Enough puzzling and outlining…it is time to start the wiring project since Chris has found a solution to the crimping issue…Los Cubanitos. This is not a Latin rock band but rather the crew at Key West Marine Hardware Store on Caroline Street (https://www.facebook.com/keywestmarine/). They will cut and crimp our needed runs of wire which is BIG wire - roughly the size of an Oscar Meyer hot dog. The crimper found online that would be big enough to do the job is priced at $1500…gulp…not to mention it would be a bear to store once the project is wrapped up. At $2 per crimp these guys are a perfect solution. Several trips to the store already and pretty quickly we are on a first name basis with the friendly and knowledgeable Los Cubanitos – Fita, Nick and Armando. Plus, there are two great breakfast options nearby which means we can still start the work day early but more slowly at either Harpoon Harry’s or Pepe’s (http://harpoonharryskeywest.com/ and http://pepeskeywest.com/).
Chris bends and twists and crams himself into crazy small spaces where he works on the wires in one position long enough that his body actually falls asleep. However, one by one the wires are measured and crimped and attached to the appropriate busbar…but we are back living in a tool shed.
Long work days and tools strewn everywhere make take-out a great dinner idea…and a chance to sample a Key West favorite – Sandy’s Café (http://www.kwsandyscafe.com/). I went for their celebrated Cuban sandwich and Chris went for a chicken burrito. We returned with our steaming bag of aromatic goodness and could not get to the top deck fast enough (to avoid staring at the tool shed of the main room). The food was great! And since there is a laundromat attached – maybe I can finagle a twofer in the future.
We are beginning to see the end of our month in Key West on the calendar; however, there is no noticeable change in the weather conditions. January 2016 data is in and this January Key West has seen a 500% increase in monthly rainfall (from an average of 2 inches to 9 inches this year). El Nino is certainly living up to its reputation and has January 2016 recorded as the wettest month on record (since records began being kept in 1932). However, a passing five-day cold front has us optimistic that cold fronts are becoming longer which might herald longer quiet periods in between. More calm periods will give us a chance to make our next hop…to the west coast of Florida and up to Fort Meyers.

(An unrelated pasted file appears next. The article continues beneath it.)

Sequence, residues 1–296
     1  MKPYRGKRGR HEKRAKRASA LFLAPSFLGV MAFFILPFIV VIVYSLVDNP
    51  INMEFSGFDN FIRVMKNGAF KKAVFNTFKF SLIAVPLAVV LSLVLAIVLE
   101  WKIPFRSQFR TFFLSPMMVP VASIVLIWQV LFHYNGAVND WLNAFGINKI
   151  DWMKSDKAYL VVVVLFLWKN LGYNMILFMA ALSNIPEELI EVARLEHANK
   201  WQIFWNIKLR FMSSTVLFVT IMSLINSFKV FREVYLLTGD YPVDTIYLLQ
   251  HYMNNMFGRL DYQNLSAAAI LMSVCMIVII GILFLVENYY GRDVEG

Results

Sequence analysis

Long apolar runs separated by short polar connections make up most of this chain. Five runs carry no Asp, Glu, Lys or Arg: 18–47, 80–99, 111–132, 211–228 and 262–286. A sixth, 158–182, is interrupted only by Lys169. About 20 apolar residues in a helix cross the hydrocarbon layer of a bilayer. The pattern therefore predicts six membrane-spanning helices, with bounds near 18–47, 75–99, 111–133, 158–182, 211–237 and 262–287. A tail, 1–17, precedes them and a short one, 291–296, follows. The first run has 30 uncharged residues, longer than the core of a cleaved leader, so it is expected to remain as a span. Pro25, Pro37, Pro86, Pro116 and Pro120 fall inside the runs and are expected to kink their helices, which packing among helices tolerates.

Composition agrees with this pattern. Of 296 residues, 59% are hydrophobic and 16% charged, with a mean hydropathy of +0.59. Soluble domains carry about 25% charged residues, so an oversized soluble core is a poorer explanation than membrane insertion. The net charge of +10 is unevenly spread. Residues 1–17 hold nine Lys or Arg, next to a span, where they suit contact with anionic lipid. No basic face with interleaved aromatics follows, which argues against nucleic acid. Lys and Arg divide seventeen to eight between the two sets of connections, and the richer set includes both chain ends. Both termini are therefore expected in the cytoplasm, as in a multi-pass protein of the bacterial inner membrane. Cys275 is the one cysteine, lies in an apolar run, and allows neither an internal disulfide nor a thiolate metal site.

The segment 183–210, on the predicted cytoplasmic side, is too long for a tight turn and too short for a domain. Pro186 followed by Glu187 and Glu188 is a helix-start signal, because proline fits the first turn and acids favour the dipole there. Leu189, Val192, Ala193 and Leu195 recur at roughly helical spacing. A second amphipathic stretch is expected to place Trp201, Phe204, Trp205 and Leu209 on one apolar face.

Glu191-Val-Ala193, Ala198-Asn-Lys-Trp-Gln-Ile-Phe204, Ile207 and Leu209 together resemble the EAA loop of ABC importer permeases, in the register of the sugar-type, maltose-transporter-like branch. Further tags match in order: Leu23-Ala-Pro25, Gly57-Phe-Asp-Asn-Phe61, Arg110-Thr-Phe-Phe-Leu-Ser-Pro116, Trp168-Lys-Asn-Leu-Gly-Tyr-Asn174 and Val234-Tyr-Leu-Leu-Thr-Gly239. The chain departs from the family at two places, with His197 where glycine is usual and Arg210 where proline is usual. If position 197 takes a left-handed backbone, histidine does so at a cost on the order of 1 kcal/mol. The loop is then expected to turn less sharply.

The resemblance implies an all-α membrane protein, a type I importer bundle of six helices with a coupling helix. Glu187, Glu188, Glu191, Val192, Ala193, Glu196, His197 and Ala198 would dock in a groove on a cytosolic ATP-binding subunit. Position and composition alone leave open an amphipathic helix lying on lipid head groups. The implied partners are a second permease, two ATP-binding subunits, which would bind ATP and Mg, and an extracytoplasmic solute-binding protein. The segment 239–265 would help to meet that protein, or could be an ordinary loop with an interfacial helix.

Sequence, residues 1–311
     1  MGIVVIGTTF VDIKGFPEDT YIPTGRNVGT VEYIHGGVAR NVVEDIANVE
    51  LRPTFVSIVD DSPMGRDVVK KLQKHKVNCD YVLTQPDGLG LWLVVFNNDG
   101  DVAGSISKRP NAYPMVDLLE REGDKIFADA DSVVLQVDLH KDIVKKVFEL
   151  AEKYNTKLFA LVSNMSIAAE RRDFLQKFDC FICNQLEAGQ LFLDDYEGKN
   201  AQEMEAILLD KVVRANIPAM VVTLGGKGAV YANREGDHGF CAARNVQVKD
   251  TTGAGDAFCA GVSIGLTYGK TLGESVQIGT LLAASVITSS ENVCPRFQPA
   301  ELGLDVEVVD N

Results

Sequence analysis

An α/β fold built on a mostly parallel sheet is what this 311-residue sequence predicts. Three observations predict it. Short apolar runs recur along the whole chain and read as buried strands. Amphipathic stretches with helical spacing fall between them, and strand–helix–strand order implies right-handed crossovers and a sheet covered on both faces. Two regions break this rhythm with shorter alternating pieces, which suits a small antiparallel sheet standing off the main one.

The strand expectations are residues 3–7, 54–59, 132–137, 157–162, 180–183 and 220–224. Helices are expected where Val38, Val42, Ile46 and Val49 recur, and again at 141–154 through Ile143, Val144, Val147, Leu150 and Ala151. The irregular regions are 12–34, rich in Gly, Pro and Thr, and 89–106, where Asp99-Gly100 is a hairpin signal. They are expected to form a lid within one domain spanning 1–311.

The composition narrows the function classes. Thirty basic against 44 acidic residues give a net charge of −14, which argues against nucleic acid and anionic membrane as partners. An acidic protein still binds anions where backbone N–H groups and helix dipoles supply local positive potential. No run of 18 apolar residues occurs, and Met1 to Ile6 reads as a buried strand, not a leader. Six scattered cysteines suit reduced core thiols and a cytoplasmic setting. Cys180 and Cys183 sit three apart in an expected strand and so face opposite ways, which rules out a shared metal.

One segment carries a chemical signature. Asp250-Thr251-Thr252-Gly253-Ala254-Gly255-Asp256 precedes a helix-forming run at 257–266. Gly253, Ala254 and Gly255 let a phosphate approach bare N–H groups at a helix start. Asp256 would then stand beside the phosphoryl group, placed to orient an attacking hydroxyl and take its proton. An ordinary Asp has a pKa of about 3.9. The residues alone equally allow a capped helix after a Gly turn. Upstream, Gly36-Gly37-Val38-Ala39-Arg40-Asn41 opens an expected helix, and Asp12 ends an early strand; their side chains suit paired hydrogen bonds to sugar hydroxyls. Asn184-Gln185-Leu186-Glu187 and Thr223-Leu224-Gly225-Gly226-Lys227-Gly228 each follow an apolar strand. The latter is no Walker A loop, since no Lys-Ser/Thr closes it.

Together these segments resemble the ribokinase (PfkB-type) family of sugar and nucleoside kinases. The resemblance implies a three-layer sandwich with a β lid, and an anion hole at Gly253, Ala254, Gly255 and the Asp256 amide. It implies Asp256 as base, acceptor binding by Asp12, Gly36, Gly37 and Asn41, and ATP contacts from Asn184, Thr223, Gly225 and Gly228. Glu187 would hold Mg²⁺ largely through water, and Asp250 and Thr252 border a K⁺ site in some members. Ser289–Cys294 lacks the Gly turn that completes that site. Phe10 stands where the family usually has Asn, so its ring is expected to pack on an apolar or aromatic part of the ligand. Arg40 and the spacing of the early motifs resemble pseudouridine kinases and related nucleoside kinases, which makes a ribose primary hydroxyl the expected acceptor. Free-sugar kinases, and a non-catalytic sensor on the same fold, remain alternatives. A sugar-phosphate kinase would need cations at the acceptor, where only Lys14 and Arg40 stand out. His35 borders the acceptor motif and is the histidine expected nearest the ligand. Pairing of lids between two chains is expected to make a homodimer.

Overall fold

In the meantime, friends of friends, Carl and Deb, have taken us into their social circle with dinner at their place as well as Happy Hour bar hopping. It has been nice to have a local group of folks to hang out with. And we keep exploring more and more Key West gems like the Lazy Gecko on Duval Street for cocktails and the Green Parrot on Whitehead Street for live music (http://www.thelazygecko.com/ and http://www.greenparrot.com/).
Motivation has been primarily focused on boat projects so that we can be ready to scoot when the weather gets nicer. This has been successful as our list of projects continues to dwindle and I feel right at home popping around town to grab this or that resource as needs arise. What has been harder?! To muster the motivation for proper dinners aboard; however, at the risk of feeling like Barefeet is not much more than a take-out window or a PB&J joint – I have continued with my fish recipes (Feb 6). The latest was black grouper in Panang Curry (recipe below). Holy cow – this is another keeper! The fish was new to us but an easy and perfect recommendation from the folks at Fishbusterz. The mix of flavors in the curry was awesome; a bit of sweet from brown sugar and creamy from coconut milk and heat from chilies and salty from fish sauce and snap from fresh peppers, onions ginger and cilantro. Yum!
You won’t believe it but the wiring is complete (Feb 10)! Chris is over the moon - all the volts and amps and math indicate that the solar and batteries are netting out. Okay, except for a phantom 2 amp draw…but…that’s for another day. Our 1200 watts of solar panels are flowing and being tracked for power to the batteries…comparable to running your microwave in reverse.